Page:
Print Edition: February 22, 2012
UFV is proving to be a great education destination for a number of Mauritian students as more and more come to Abbotsford.
Mauritius is a very small island country in the Indian Ocean off the coast of Africa, close to Madagascar. Mauritius is comparable to Vancouver in terms of population (approximately 1.3 million). Having been taken from the French by the British in the early 1800s the official language of Mauritius is, in fact, English. However, the majority of Mauritian media is in French due to a lasting French influence. This bilingualism is one of the reasons UFV’s International department viewed Mauritian students as ideal candidates to study in Canada.
Ravi Phillips, Head of International Marketing (particularly in Asia, the Middle East, and Africa), explained that he was in charge of marketing to Mauritius and played a key role in attracting so many students from this seemingly-obscure island nation. “We started marketing UFV in Mauritius in 2008, the reason I chose Mauritius is because of its vibrant East Indian diaspora, who have been living on that island since late 1800s. We felt UFV would be a perfect fit for Mauritian students,” said Phillips.
“I have been going to Mauritius every year since 2008 and promote UFV in recruitment fairs. So far we have eight Mauritian students currently studying in various programs, the number was much higher before as some students have already graduated.”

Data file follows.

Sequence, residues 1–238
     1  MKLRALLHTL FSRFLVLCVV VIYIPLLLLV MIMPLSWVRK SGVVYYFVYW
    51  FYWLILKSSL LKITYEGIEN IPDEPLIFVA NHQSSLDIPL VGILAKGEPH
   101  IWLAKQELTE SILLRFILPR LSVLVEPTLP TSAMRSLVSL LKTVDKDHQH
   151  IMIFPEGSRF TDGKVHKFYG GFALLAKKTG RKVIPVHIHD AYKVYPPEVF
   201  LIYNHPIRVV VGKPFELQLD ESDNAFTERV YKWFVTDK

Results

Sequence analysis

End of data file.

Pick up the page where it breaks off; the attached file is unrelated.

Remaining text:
Another reason specifically that Phillips envisioned Mauritian youth fitting in well as UFV students was because of the quality of their primary education. “Mauritius has [a] very good school system,” noted Phillips. “They follow the British Cambridge model of schooling and have good skills in English and French.”
Because mostly all educated Mauritians are bilingual, The Cascade was able to interview Loic Emilie, one of the several Mauritian students studying at UFV, switching back and forth from English to French without any difficulty.
“I am an international student. It’s been almost six months that I have been [in Canada]… I’m studying Business Administration currently to obtain a diploma and in two years I will work on a Business degree.”
“I lived for 18 years in Mauritius without really discovering the world. I am an adventurous person so I wanted to travel and leave Mauritius for a bit. Also, I wanted to study in an English-speaking country, and everyone speaks English in British Columbia,” said Emilie. “I hope that when I return to Mauritius I have a bit of an English accent.” Emilie noted that although English may be the official language of Mauritius, if you speak English well in Mauritius it is a sign of being highly educated.
Emilie admitted that one of the principal reasons for studying at UFV as opposed to in the United States or in England is because of the fairly weak exchange rate of Mauritian currency and compared to the US dollar or the British pound. Additionally, UFV’s international rates are so low in comparison to those of universities in those countries.